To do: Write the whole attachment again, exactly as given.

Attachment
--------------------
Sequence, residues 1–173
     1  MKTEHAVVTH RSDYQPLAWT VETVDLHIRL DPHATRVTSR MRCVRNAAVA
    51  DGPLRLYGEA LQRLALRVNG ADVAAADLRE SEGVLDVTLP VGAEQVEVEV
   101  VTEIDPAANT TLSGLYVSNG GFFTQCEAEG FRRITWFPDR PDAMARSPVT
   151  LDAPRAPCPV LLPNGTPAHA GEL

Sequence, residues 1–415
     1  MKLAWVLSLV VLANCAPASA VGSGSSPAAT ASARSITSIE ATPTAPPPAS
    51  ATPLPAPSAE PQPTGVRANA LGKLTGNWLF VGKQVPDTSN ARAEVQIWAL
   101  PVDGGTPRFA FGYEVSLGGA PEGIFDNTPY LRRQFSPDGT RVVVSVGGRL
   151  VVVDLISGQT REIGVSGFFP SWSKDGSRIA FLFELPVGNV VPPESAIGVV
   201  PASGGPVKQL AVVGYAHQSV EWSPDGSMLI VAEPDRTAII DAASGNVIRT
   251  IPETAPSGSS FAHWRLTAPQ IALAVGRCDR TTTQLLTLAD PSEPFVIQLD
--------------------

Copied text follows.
Sequence, residues 1–173
     1  MKTEHAVVTH RSDYQPLAWT VETVDLHIRL DPHATRVTSR MRCVRNAAVA
    51  DGPLRLYGEA LQRLALRVNG ADVAAADLRE SEGVLDVTLP VGAEQVEVEV
   101  VTEIDPAANT TLSGLYVSNG GFFTQCEAEG FRRITWFPDR PDAMARSPVT
   151  LDAPRAPCPV LLPNGTPAHA GEL

Sequence, residues 1–415
     1  MKLAWVLSLV VLANCAPASA VGSGSSPAAT ASARSITSIE ATPTAPPPAS
    51  ATPLPAPSAE PQPTGVRANA LGKLTGNWLF VGKQVPDTSN ARAEVQIWAL
   101  PVDGGTPRFA FGYEVSLGGA PEGIFDNTPY LRRQFSPDGT RVVVSVGGRL
   151  VVVDLISGQT REIGVSGFFP SWSKDGSRIA FLFELPVGNV VPPESAIGVV
   201  PASGGPVKQL AVVGYAHQSV EWSPDGSMLI VAEPDRTAII DAASGNVIRT
   251  IPETAPSGSS FAHWRLTAPQ IALAVGRCDR TTTQLLTLAD PSEPFVIQLD